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Pasture consumption by rabbits in the central highlands of Victoria

T. Morgan and P.E. Quigley

Department of Agriculture, Municipal Offices, Vincent Street, Ararat VIC 3377
Department of Agriculture, Pastoral Research Institute, Private Bag 105, Hamilton VIC 3300

In the Central Highlands of Victoria, rabbits are an important factor affecting the availability of pasture. However, we believe the impact that they have on pasture is generally under estimated. Measurement of the amount of pasture consumed by rabbits was made at one site at Bulgana, 16 km north east of Ararat. The site was between a creek (dry for most of the year) and a road. Duplex soils there were developed from Tertiary alluvium. The pasture was dominated by Romulea rosea (36% of total DM) and Erodium botrys (29%), with Holcus lanatus and Dactylis glomerata the next most common species. The local Land Protection Officer inspected the site in mid-December and assessed the rabbit population density to be slight to moderate, that is, approximately 7 rabbits/ha.


There were 20 enclosure cages (80 cm diam.) which prevented grazing by cattle and sheep but not rabbits, distributed over an area of approximately 40x50 m. Over the same area there were 18 cages which prevented grazing by all 3 groups of animals. Pasture availability and growth were measured using a falling plate pasture meter. This meter was calibrated with cut herbage samples at each time of measurement.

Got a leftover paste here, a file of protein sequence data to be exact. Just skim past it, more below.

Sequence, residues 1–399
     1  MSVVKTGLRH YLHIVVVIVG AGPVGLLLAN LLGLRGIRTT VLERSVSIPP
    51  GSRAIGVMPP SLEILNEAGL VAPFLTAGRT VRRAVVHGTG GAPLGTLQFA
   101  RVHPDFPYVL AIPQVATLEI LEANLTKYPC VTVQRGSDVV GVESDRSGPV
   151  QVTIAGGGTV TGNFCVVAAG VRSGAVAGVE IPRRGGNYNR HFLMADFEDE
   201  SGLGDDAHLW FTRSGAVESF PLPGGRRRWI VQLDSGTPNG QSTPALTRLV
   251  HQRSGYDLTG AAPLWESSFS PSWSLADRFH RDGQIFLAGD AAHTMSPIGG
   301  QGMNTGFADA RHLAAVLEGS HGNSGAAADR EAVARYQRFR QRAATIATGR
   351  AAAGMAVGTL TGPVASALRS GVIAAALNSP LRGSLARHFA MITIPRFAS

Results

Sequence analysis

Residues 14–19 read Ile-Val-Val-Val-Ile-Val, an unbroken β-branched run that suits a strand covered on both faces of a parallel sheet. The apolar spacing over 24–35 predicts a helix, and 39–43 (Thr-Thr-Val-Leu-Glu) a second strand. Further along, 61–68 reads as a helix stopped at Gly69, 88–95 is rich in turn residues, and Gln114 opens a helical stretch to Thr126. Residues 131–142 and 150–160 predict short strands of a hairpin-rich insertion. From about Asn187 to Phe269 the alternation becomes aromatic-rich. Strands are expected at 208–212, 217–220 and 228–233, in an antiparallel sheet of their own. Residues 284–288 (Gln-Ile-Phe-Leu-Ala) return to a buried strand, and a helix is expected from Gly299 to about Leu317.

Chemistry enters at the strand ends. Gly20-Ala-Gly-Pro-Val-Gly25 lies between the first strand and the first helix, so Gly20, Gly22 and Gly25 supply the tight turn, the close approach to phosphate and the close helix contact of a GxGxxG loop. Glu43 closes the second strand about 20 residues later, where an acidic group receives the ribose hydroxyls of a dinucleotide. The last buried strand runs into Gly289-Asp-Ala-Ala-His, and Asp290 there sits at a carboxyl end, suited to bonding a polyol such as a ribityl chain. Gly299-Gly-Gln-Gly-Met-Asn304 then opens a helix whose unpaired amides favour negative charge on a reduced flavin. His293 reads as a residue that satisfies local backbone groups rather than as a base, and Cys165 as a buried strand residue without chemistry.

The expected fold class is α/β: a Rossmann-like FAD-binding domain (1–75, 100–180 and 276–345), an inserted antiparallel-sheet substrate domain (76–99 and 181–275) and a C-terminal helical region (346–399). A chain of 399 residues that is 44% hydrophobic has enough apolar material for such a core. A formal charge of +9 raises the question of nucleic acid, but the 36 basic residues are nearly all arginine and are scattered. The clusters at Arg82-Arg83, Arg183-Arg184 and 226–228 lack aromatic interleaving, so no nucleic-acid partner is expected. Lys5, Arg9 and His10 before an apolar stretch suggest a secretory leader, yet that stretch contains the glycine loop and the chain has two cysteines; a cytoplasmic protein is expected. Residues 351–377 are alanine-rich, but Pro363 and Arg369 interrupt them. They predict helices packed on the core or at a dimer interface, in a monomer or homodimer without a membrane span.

Results and discussion

Domestic stock and rabbits consumed about equal amounts of pasture, except for the middle period of measurement when rabbits ate about twice as much (Table 1). From the pasture consumption we estimated that the stocking rate was 3.5 dry sheep equivalents/ha for domestic stock and 30 rabbits/ha. This is based on an allowance of 1.5 kg DM/DSE/day and 7-8 rabbits are equivalent to 1 DSE. Chronic infestation with rabbits would partly justify the relatively low stocking rate. Failure to take into account rabbits travelling along the roadsides and their transitory visitation to this site probably resulted in errors in visual assessment of the rabbit density.

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